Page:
Faeces of 17 different individuals were collected in the trap site. The faeces were washed in the laboratory using a 1 mm mesh sieve. Food remains from faeces were identified, when possible, by comparison with reference collections of animals from the region deposited in Facultad de Ciencias Exactas y Naturales (UBA). The diet was analysed using the frequency of occurrence method, which represents the number of samples where the food item was present, divided by the total number of samples collected.

Statistical analysis
A two way analysis of variance (ANOVA) with one repeated measure factor test (Winner, 1971) and multiple Scheffé contrasts (Zar, 1996) were performed to detect seasonal (repeated measure factor) and spatial trapping success fluctuations. The response variable analysed was trap success of each sample line. All assumptions required by the test were fulfilled.

A Chi Square goodness of fit test (Zar, 1996) was used to assess any significant difference from a 1:1 sex ratio. The assumption of equal sex catchability was seasonally fulfilled (Begon, 1979). Data from summer 2006 were not included in statistical analysis because two fire events could have affected the activity of L. crassicaudata in the area.

With the goal of detecting sexual dimorphism in body length and body weight in juvenile and sub-adult individuals, two one-way analysis of covariance (ANCOVA, Milliken and Johnson, 2002) were performed using age as a covariate in order to remove the strong effect of age on the dependent variables. The final body size of this opossum is reached during an advanced stage of the adult phase (Cabrera and Yepes, 1960) and therefore it is highly variable in individuals older than six months. For this reason, adults were excluded in these analyses and only individuals belonging to age classes ≤ six months old (juveniles and sub-adults) were included. All assumptions required by the test were fulfilled.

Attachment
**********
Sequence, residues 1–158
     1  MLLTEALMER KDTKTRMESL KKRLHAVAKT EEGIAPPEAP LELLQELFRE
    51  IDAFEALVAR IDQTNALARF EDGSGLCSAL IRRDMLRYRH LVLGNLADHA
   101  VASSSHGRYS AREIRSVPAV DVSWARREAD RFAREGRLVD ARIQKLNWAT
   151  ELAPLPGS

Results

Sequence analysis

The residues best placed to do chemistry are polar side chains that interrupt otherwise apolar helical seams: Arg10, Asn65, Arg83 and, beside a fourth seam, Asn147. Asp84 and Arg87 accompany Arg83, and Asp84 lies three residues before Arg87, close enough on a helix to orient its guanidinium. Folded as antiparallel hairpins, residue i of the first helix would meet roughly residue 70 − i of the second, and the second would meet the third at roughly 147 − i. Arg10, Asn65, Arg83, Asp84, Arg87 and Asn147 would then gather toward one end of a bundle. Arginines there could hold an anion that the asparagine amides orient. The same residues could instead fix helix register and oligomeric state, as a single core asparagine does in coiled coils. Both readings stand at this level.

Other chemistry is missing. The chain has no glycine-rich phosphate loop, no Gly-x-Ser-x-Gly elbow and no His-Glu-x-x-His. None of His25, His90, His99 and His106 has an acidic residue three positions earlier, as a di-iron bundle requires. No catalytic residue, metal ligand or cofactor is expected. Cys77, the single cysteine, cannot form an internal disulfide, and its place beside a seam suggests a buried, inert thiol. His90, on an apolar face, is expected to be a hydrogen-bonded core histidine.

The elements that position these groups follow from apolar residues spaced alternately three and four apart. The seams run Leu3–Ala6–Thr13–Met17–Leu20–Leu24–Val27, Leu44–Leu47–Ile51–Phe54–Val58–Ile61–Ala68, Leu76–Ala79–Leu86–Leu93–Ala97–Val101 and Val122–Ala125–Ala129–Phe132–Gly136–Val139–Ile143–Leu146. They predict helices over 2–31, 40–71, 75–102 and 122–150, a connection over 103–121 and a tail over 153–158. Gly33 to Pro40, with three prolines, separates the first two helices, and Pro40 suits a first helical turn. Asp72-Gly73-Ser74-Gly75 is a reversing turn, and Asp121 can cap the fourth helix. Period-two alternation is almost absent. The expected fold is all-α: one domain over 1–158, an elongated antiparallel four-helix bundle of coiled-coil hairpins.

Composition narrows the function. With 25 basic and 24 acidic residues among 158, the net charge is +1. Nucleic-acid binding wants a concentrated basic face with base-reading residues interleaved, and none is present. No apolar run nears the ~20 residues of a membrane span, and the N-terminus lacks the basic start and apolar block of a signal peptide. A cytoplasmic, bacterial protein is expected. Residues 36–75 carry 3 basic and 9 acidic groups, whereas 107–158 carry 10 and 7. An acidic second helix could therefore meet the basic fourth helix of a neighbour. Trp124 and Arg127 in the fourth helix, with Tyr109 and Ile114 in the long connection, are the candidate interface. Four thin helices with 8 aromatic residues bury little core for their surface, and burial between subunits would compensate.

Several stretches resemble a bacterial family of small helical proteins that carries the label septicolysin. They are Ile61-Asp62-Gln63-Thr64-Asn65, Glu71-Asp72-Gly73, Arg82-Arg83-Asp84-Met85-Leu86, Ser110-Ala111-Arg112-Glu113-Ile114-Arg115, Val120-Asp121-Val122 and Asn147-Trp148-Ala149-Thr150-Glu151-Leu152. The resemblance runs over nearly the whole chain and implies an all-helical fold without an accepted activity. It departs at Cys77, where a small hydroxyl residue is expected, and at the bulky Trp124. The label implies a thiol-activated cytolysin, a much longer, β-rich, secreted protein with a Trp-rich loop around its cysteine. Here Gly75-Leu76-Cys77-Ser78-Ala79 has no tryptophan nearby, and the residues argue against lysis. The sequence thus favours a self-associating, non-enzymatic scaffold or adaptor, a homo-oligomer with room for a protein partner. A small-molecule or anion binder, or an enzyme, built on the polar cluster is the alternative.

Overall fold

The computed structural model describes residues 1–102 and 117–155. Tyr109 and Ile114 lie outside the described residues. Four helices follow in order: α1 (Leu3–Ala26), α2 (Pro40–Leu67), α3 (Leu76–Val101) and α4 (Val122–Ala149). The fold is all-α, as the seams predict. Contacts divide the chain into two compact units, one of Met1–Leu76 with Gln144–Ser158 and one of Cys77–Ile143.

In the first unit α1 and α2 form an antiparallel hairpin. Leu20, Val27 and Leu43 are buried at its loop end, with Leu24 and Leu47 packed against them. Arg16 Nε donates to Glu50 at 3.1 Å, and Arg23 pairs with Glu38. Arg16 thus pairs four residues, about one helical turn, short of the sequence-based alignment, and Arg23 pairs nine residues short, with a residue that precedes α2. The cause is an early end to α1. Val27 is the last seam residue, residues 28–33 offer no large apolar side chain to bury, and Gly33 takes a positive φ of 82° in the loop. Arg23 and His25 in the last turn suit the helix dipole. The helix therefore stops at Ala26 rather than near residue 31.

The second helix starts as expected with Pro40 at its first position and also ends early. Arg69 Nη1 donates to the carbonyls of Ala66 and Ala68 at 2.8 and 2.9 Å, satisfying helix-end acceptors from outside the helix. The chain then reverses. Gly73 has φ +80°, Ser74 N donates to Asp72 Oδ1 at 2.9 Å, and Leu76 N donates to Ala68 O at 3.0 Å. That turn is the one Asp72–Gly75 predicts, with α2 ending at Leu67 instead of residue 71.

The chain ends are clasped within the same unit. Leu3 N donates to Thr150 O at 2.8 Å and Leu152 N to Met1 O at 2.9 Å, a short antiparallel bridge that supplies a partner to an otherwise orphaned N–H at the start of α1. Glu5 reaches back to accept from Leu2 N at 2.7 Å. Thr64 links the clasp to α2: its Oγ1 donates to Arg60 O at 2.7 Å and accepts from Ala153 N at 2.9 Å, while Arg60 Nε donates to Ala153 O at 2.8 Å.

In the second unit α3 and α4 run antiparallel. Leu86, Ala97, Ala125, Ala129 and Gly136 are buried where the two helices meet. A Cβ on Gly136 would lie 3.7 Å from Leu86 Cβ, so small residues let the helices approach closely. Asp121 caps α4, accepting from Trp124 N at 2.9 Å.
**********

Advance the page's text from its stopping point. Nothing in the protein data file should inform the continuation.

Natural history
After a two year study, 3600 trap nights resulted in 103 captures, corresponding to 80 individuals. Overall, sex ratio was 53% males and 47% females (n = 77, three individuals could not be sexed) and did not differ significantly from 1:1 (x2 = 0.32; P = 0.57). The cohort belonging to spring 2004-summer 2005 showed a sex ratio of 62% males 38% females (n = 16) and also did not differ significantly from 1:1 (x2 = 1; P = 0.32). Considering the total number of captured individuals, trap success showed seasonal fluctuations (F = 3.2; df = 6, 18 and P = 0.02) with high peaks in autumn, and low ones in spring (S = 5.09; df = 6, 18; P = 0.007; Fig. 1). Opossums showed similar trap success in all sampled habitats (F = 1.17; df = 2, 3 and P = 0.42).

Fig. 1. Mean seasonal variation in trap success (± standard deviation) for Lutreolina crassicaudata from central-eastern Argentina during the years 2004-2006. * Significantly different P < 0.01

Individuals of all age classes were captured during the study period. Juveniles and sub-adults (all younger than 5.5 months old) were captured during summer and autumn. Adult females (older than 6 months old) carrying pouch young or presenting turgent nipples were captured in all habitats during spring, summer (n = 6, Fig. 2) and exceptionally, one in winter. In addition, estimated birth dates of juveniles and sub-adults (n = 19) were between September and February (spring and summer; Fig. 3). Litter size was 8, 9 and 11 for three females.